compileTestKotlin {
    kotlinOptions {
        // Needed for runBlocking test coroutine dispatcher?
        freeCompilerArgs += "-Xuse-experimental=kotlin.Experimental"
        freeCompilerArgs += "-Xopt-in=kotlin.RequiresOptIn"
    }
}
testImplementation 'org.jetbrains.kotlinx:kotlinx-coroutines-test:1.4.1'
2
  • Saved my day! Thanks for sharing, and especially big thanks for the tests. Got to learn quite a bit from there
    – Sam
    Commented May 8, 2021 at 8:08
  • 3
    Beware that suspended jobs do not count against the limitedParallelism, so if you're working with non-blocking (suspending) APIs then limitedParallelism will not limit the concurrency of your operation. The key word in this function is parallelism, it does not limit concurrency. limitedParallelism is most likely to be useful along with Dispatchers.IO, which is designed for blocking IO tasks.
    – morsecoder
    Commented Feb 22, 2023 at 19:21
7

The problem with your first snippet is that it doesn't run at all - remember, Sequence is lazy, and you have to use a terminal operation such as toSet() or forEach(). Additionally, you need to limit the number of threads that can be used for that task via constructing a newFixedThreadPoolContext context and using it in async:

val pictureContext = newFixedThreadPoolContext(nThreads = 10, name = "reading pictures in parallel")

File("/Users/me/Pictures/").walkTopDown()
    .onFail { file, ex -> println("ERROR: $file caused $ex") }
    .filter { ... only big images... }
    .map { file ->
        async(pictureContext) {
            ImageProcessor.fromFile(file)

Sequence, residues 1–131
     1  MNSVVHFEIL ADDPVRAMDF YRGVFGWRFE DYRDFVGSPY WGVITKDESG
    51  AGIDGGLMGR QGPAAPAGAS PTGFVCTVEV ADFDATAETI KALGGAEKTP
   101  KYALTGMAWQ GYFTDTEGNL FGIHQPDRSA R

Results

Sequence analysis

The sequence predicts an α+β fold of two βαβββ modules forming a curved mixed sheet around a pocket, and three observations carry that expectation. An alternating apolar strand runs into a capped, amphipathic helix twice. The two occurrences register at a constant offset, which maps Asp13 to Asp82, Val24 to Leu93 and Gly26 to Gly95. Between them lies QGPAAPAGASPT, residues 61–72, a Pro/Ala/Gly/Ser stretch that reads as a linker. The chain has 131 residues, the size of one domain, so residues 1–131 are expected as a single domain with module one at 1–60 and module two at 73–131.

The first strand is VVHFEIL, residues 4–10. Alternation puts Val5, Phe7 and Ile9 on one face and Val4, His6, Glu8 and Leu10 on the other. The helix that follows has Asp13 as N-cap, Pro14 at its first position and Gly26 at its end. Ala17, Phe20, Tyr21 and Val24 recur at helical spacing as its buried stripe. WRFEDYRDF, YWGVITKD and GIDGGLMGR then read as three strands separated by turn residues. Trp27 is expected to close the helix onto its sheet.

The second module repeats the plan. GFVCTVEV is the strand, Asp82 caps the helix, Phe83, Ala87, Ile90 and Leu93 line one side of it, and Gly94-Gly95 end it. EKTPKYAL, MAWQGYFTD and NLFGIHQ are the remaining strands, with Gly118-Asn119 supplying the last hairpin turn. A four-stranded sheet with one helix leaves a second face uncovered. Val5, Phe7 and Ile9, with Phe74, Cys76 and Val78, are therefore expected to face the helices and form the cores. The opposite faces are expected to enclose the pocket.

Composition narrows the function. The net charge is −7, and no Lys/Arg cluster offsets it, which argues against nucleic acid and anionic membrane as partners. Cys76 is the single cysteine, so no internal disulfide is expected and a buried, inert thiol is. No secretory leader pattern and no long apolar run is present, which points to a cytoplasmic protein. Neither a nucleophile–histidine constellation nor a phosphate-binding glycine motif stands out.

}
    }
    .toList()
    .forEach { it.await() }

Edit: You have to use a terminal operator (toList) befor awaiting the results

3
  • 1
    I though that would work, but it still seems to process the final forEach sequentially. eg. .map { file -> async(CommonPool) { println("start") val img = ImageFile.fromFile(file) println("end") img } } .forEach { imageFiles.add(it.await()) if (Math.random() > 0.999) { imageFiles.save() } }
    – Benjamin H
    Commented Dec 8, 2017 at 4:33
  • Oh, snap, you are right. Now I think there is no way to do it with Sequences. Edited the answer
    – voddan
    Commented Dec 8, 2017 at 6:01
  • 5
    It's worth noting that using a limited thread pool limits parallelism but not concurrency meaning that if ImageProcessor.fromFile is a suspending function (that doesn't block) you can still process multiple files at ones which is maybe not what you want.
    – Nicklas A.
    Commented Feb 7, 2019 at 16:11
5

I got it working with a Channel. But maybe I'm being redundant with your way?

val pipe = ArrayChannel<Deferred<ImageFile>>(20)
launch {
    while (!(pipe.isEmpty && pipe.isClosedForSend)) {
        imageFiles.add(pipe.receive().await())
    }
    println("pipe closed")
}
File("/Users/me/").walkTopDown()
        .onFail { file, ex -> println("ERROR: $file caused $ex") }
        .forEach { pipe.send(async { ImageFile.fromFile(it) }) }
pipe.close()
5

To limit the parallelism to some value there is limitedParallelism function starting from the 1.6.0 version of the kotlinx.coroutines library. It can be called on CoroutineDispatcher object. So to limit threads for parallel execution we can write something like:

val parallelismLimit = Runtime.getRuntime().availableProcessors()
val limitedDispatcher = Dispatchers.Default.limitedParallelism(parallelismLimit)
val scope = CoroutineScope(limitedDispatcher) // we can set limitedDispatcher for the whole scope

scope.launch { // or we can set limitedDispatcher for a coroutine launch(limitedDispatcher)
    File("/Users/me/Pictures/").walkTopDown()
        .onFail { file, ex -> println("ERROR: $file caused $ex") }
        .filter { ... only big images... }
        .map { file ->
            async {
                ImageProcessor.fromFile(file)
            }
        }.toList().awaitAll()
}

ImageProcessor.fromFile(file) will be executed in parallel using parallelismLimit number of threads.